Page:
Inside the cabin the SS was fitted with remarkably comfortable seats. They were covered in lavish black pvc, with mock-perforated centre panels, and almost looked like those from Mercedes-Benz, but actually located the driver a little better. There was a roll under the thighs and a soft outward curve in the small of the back; the only fault was that the tops of the squabs tended to fall back a little from the shoulders. The range of adjustment provided for almost every body shape, even though the wheel poked out a fair way from the dash. The back seat was almost as comfortable as the front buckets, which is saying a lot. Leg room was slightly restricted, but the car would carry four adults over long distances in good comfort. The doors all opened wide, the car had the same big glass area as the Deluxe
, and there were plenty of ashtrays and courtesy lights.
The same could not be said for the gearlever location. This was a little too far back, so that the knob in second gear almost touched the leading edge of the passenger's seat cushion. The movement across the gate was wide, and although spring-laden to the third/ top layer the shift movements could take some time to adjust to. Apart from that the gearbox was light and accurate, although not fast. The rest of the interior was typically Japanese – an air of quality with some embellishments to provide the Euro feel, such as a mock-wood wheel with drilled spokes and central horn-button. The dash was surrounded by a soft padded rail, and the instruments were in big matt-black cowls on the dash facing. In the centre was a push-button radio automatic aerial, and below that a big ashtray.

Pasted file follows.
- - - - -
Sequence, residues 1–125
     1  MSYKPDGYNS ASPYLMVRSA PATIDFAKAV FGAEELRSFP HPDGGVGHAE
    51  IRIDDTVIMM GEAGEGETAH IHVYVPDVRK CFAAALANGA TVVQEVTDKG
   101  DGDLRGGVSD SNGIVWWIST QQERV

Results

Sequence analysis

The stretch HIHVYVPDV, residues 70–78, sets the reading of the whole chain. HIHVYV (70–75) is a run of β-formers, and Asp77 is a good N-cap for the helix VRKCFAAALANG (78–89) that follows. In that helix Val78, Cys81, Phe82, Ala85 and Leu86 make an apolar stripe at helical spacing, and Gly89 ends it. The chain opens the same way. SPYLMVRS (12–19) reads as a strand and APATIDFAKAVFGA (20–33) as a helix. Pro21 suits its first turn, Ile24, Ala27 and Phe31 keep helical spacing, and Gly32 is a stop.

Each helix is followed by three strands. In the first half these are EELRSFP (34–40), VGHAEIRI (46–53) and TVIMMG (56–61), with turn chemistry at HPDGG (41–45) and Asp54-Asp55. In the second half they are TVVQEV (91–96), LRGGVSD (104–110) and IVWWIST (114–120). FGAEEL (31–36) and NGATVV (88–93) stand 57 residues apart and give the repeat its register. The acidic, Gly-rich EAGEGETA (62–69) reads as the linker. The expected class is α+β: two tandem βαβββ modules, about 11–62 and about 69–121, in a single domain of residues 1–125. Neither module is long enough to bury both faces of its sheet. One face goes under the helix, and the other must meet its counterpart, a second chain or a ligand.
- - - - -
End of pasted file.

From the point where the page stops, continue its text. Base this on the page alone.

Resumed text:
The two main dials, well marked in white with red needles, were the 110 mph speedometer and the 7000 rpm tachometer redlined from 5500 on. Both were incredibly steady and easy to read. They were flanked on one side by a clock and the other by a combined fuel contents and temperature gauge, with a tiny rectangular aperture in between housing an almost unreadable ammeter. There was no oil pressure gauge - only a warning light next to the handbrake warning light, which seemed a strange omission in a sohc engine that would spin to 7000 rpm. Under the dash at left were the sliding tabs for heater/demister control - operating a very efficient system that coupled with swivelling dash-top vents - but in a row along the bottom rail, spaced each side of the steering column was a fairly confusing selection of knobs.
The standard of finish, helped by perforated black headlining and good carpeting, was very good. In that direction everything works as smoothly as usual: the doors shut quietly and crisply, the switches all had the then traditional oiled-plastic feel, there were no suspension squeaks or strange body rattles or screws starting out of their sockets over 30 mph. Detail work under the bonnet and in the boot was just as good. The engine bay had a lot of plumbing and wiring, but it was all incredibly neatly done, right down to nylon-bushed carburettor linkages and carefully-shrouded distributor. The boot was wide, but not as roomy as it seemed from outside, and the loading lip was a little too high. However, the floor was fairly even, although there was the typical hardboard bulkhead at the front. But probably the best thing about the 1500 SS was the price, it represented good value for money.